Noted with approval: Sen. Reid Says He’ll Vote Against Roberts:

“This is a very close question for me. But I must resolve my doubts in favor of the American people whose rights would be in jeopardy if John Roberts turned out to be the wrong person for the job,” [Reid] said.

Referring to publicly released memos that date to Robert’s tenure as a Reagan administration lawyer, Reid said they showed the young attorney “played a significant role in shaping and advancing the Republican agenda to roll back civil rights protections.” …

Reid also said Roberts followed a “disingenuous strategy” at the confirmation hearings of suggesting that the views in the memos were not his own. …

“The failure of the White House to produce relevant documents is reason enough for any senator to oppose this nomination. The administration cannot treat the Senate with such disrespect without some consequences,” Reid said.

Reid’s remarks pleased leaders of women’s organizations and civil rights groups who outlined the case against Roberts at a closed door meeting with the Democratic leader last week. According to participants in the meeting, they also said they wanted to run up as many votes against Roberts as possible, in part to try and show Bush he would be risking a fierce fight if he named a more conservative nominee than Roberts to replace Sandra Day O’Connor. …

Beyond that, Reid said he would view it as a “poke in the eye with a sharp stick” if Bush were to nominate any of the 10 appeals court nominees that Democrats blocked in recent years, including some who were later confirmed.

Kudos to Reid for standing up for principle.  He knows that even if there aren’t enough votes to block Roberts’ nomination, it’s important not to simply roll over and rubber-stamp Bush’s choices.  Remember David Mamet’s column from last week?  Reid knows how to play political poker.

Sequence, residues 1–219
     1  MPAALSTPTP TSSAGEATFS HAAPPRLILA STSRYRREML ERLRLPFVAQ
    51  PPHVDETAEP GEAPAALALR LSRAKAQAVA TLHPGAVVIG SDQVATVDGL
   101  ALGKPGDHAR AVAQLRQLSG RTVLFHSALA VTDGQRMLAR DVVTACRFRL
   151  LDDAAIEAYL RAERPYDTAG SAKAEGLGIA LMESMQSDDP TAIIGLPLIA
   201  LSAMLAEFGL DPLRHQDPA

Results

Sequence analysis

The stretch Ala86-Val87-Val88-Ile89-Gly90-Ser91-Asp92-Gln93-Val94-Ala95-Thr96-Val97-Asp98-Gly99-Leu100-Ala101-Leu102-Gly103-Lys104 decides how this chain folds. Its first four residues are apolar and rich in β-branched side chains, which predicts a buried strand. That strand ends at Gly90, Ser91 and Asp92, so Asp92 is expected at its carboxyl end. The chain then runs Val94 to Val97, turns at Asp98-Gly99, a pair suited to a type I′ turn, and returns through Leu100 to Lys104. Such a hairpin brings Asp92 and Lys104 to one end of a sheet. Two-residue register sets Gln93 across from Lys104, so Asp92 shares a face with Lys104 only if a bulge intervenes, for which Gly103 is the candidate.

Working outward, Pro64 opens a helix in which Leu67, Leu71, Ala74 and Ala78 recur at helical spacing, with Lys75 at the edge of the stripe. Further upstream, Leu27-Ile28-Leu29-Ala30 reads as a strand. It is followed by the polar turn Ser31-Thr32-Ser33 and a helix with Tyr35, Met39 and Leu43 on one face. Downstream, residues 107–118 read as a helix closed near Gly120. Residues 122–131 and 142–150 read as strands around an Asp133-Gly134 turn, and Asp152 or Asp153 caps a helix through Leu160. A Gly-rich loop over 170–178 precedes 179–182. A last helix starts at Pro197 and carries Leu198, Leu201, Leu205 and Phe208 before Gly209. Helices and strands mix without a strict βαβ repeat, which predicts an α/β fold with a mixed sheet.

Chuck Schumer, on the other hand, has completely missed the point:

He indicated that conservative Senators including Coburn believe Roberts will uphold Roe v. Wade.

He seemed inclined to vote for Roberts and to present an image of “reasonableness” though he said he is still undecided.  The momentum seemed to be in favor keeping the powder dry for the “O’Connor” replacement.

Schumer polled the room and the overwhelming majority supported voting for Roberts as a way of keeping our powder dry.

What idiots.  You don’t win in today’s Washington by “keeping your powder dry”.  That’s bad advice — the kind of advice that comes from proven losers (like Kerry’s campaign staff, who told him not to fight back against the Swift Boat Liars), and from active enemies of the Democratic Party (like Karl Rove).  Why on earth should we listen to these people?.

Establishment Dems like Schumer are shackled by the belief that their “powder” is a limited resource that must be hoarded against a rainy day sometime off in the future.  The Republicans in the White House and Congress, on the other hand, blast away at every moving target they can see.  And let’s be clear — by “powder” we’re not talking about money (which is a finite, but renewable, resource) or actual governmental power (which Dems obviously have less of).  I’m talking about exerting political influence.  

You don’t have to control any branch of government, or have more money than the other team, to exert influence.  You exert influence by what you say, and by what you do, whatever your current situation is.  Influence is not a finite resource that is gone when used.  If you believe it is, you will always be a loser.  Did Newt Gingrich take Congress for the GOP by “keeping his powder dry”?  I think not.  The Rule of Political Influence is: Use it or lose it.

Just because voting against Roberts is a losing proposition, vote-wise, doesn’t mean that voting “no” will diminish Democrats’ political capital.  Do they truly believe that voting “yes” will cause BushCo to become moderate, respectful, and conciliatory when the next nominee is picked?  Sure, Chuck, and I’ve got a bridge here in your home borough to sell you, cheap!

On the other hand, reminding your party — and the country — of what your principles are, and proving that you’ll stand up for them instead of playing another game of Washington CYA… now that’s a way to build political capital.

As I’ve said before:

The single most shocking fact of our political system is that for the past decade, the beltway Democrats have been face to face and toe to toe with an aggressive, partisan GOP, and have watched that party win almost total power in Washington with an attack-dog, take-no-prisoners attitude — and yet the Dems have neither learned from nor emulated it.

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